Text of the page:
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The skill-set of the divisional CEO is changing. It’s always been a highly demanding role, but it now requires the ability to respond to greater shareholder scrutiny, while also dealing with the complexity of balancing the operational and strategic goals of the business, often at a local, regional and global level.

Bryan Marcus, Regional Director for the South America region of Volkswagen Financial Services, says: “On a daily basis you need to be able to switch from being the ‘HQ guy’, steering international business units in a manner consistent with the standards of the centre, to being the champion and advocate of local ideas and variations to the central plan. This requires a different skill-set from the past; a hybrid executive who has strategic and tactical insight.”

Indeed, as Bryan’s job title may suggest, the term ‘divisional CEO’ is something of a misnomer these days given the various elements of a business that may be spread over regions and functions. Stephen Catling, CEO of manufacturer ABF Ingredients, comments: “You’re working across businesses with multiple P&Ls, different management teams, and with direct reports that are often MDs who run different parts of the business.

“You’ve got to look at how you help each of those businesses continue to develop and give them the freedom and space to do that… Then you take a wider look at the strategic direction of the group of businesses that you have, and the ones which you want to invest more in, or place greater activity around business development or M&A.”

Andy Hague, UK CEO of HR outsourcing provider Croner, says: “Divisional CEOs have to be much more operational. They’ve got to know the numbers, the market and the client inside and out. The Group CEO is going to command a reasonable amount of divisional heads and just wants to be sure they know what they’re doing and be able to support them.”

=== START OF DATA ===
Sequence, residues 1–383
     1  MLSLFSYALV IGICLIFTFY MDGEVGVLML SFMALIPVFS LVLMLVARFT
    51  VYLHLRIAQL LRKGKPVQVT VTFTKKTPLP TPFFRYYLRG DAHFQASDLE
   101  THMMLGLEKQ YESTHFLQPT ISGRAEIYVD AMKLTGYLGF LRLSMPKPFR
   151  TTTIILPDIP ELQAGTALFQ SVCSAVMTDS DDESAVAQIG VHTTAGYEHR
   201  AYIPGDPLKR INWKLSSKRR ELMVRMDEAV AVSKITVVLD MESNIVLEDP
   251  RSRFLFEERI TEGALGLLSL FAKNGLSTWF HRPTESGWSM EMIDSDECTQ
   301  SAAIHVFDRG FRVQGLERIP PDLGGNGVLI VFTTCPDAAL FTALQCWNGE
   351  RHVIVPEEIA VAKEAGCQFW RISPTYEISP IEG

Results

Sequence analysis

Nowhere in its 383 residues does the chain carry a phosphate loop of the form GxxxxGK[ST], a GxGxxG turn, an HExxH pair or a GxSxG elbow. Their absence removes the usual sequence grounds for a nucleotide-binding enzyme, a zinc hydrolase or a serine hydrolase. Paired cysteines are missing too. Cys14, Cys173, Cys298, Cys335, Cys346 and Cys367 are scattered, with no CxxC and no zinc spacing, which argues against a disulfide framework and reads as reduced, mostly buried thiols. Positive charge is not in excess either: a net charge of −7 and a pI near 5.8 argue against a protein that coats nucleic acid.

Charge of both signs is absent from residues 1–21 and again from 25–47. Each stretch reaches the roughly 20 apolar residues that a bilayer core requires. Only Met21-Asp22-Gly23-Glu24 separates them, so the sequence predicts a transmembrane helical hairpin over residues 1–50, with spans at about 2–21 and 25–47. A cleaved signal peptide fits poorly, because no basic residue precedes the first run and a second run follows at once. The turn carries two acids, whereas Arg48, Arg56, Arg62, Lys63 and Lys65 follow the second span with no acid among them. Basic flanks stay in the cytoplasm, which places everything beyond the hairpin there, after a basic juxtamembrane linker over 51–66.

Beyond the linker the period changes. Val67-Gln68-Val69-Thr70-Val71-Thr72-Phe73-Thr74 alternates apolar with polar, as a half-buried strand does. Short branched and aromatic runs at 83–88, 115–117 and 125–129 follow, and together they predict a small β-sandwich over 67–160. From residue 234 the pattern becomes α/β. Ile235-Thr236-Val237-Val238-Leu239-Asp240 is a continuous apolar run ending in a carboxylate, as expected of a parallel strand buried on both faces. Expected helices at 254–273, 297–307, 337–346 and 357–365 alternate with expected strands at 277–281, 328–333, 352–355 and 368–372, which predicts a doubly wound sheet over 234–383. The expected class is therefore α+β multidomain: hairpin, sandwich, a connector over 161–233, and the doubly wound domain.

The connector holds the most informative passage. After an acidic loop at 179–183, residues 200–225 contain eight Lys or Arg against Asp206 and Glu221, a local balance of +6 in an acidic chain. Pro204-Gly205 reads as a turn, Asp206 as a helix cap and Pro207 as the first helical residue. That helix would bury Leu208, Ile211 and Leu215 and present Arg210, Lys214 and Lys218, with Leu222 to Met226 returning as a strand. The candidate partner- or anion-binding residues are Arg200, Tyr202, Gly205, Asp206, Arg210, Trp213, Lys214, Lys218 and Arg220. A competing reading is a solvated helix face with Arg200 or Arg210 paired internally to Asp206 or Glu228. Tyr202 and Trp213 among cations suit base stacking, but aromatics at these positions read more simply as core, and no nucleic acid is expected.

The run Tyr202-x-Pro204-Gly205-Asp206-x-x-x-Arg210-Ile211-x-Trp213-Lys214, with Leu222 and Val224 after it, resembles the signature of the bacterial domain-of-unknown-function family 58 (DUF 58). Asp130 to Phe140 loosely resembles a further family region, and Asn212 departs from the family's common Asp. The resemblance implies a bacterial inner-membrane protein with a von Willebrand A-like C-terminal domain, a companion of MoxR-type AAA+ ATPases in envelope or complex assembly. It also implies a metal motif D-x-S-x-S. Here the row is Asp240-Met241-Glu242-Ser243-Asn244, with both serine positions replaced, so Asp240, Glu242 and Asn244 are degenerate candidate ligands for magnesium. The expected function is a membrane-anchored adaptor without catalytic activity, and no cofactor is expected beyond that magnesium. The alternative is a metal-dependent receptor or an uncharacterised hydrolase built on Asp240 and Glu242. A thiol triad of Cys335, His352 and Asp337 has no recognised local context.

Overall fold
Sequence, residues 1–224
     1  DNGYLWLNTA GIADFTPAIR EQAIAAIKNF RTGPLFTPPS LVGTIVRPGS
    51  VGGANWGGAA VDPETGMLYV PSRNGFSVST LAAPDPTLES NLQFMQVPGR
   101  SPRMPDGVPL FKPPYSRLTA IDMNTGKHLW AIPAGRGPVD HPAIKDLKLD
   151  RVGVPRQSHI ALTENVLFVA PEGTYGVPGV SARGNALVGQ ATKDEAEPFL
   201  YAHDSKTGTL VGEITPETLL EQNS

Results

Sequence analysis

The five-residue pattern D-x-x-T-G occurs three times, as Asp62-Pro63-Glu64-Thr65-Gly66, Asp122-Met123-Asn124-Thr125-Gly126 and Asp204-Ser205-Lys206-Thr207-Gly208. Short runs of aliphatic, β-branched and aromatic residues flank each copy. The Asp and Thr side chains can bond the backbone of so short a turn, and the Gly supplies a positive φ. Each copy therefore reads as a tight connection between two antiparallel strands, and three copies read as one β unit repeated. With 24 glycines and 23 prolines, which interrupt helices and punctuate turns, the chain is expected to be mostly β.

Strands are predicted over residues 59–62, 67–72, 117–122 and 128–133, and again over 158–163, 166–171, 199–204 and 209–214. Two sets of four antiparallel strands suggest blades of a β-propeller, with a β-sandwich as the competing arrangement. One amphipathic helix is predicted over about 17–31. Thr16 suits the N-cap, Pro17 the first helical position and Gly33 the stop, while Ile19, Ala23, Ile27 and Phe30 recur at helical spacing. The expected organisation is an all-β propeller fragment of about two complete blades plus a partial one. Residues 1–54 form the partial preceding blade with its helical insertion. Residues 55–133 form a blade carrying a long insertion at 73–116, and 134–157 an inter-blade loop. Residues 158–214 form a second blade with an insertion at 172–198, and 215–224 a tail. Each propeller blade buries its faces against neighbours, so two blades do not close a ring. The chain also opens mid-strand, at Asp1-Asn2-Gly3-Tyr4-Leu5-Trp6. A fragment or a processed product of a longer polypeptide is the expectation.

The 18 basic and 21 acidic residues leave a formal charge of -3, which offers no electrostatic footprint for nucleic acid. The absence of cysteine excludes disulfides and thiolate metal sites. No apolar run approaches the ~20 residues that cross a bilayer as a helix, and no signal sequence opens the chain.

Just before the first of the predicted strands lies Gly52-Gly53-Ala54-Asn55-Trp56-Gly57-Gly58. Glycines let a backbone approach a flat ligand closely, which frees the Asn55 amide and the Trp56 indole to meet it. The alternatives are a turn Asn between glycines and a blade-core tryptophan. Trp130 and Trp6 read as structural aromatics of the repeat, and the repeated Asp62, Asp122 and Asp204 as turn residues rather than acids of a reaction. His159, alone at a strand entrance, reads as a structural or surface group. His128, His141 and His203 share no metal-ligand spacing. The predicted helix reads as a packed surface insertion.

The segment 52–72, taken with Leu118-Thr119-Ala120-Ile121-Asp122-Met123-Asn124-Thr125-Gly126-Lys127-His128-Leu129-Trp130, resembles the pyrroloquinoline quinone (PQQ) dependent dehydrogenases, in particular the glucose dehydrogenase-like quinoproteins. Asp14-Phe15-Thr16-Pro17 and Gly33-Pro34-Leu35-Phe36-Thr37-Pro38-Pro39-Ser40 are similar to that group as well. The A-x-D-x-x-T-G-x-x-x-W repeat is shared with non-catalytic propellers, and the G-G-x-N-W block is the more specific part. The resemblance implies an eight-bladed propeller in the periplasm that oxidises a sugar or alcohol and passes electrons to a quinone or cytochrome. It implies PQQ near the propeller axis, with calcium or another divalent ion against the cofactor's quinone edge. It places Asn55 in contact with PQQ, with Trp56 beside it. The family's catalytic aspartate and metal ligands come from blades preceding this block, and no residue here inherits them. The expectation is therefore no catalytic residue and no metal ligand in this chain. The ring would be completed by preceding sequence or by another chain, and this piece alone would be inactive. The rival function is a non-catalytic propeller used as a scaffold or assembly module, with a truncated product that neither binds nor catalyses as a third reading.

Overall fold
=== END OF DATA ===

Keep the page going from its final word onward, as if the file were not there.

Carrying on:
In addition to this, it’s a role that is under much closer scrutiny. Andrew Hosty, CEO of Morgan Ceramics, a division of engineering company Morgan Crucible Plc, comments: “Investors have grown more inquisitive and want to know greater details of what’s going on within the business. This has raised the profile of divisional CEOs from what they would have been five or ten years ago, when it would have been the Group CEO and CFO who interacted with shareholders and analysts within a company.”

Tower of strength

It’s a challenging position, compounded by an influx of data and information that needs to be sifted through, the ability to inspire and engage employees, communicate effectively with stakeholders and the media and, somewhere in the midst of all this, to do the proverbial day job.

Bryan comments: “You’re the ‘meat in the sandwich’, who is being squeezed between the strategic and political expectations of the corporate head office and the demands of international business units that need more flexibility and space to execute their local plans.”

Of course, the traditional pressure points still exist too, such as achieving alignment between divisions.  Kevin Freeguard, Managing Director at banknote printer De La Rue, comments: “It is about partnerships and doing what is right for the company, the division and the people inside the company. Naturally, there has to be a degree of challenge in that, both individually and also for the business.”

Steve Cooper, Managing Director of Business and Personal Banking at Barclays, comments: “You have to make sure that you are aligned and that you are delivering as part of a wider strategy and there must be synergies between your divisions, either in terms of revenue, growth opportunities or sharing talent and ideas.”

The reality is that this doesn’t always happen as egos naturally come into play, which is something the Group CEO needs to keep in check. “Senior executives are, by nature, competitive and ambitious – they’re successful people, otherwise they wouldn’t be in the positions they’re in,” says Kevin. “That’s why alignment around the objectives of the business and where you fit in becomes quite important.”

In order to perform the role effectively, it’s vital to have the people around you that can be trusted in terms of both judgement and execution. Jo Sellwood-Taylor, Founding Director of the Mullwood Partnership, says: “The role is changing. CEOs can’t manage the complexity directly, so they need to employ the best people beneath them. It’s much more about working as a team now."

And that's why, when speaking to divisional CEOs, the key issue at the moment is around talent management and employee engagement. Quite simply, the command and control style will not work in a large organisation given the multiple responsibilities of leaders today.   

I hope to see you soon.



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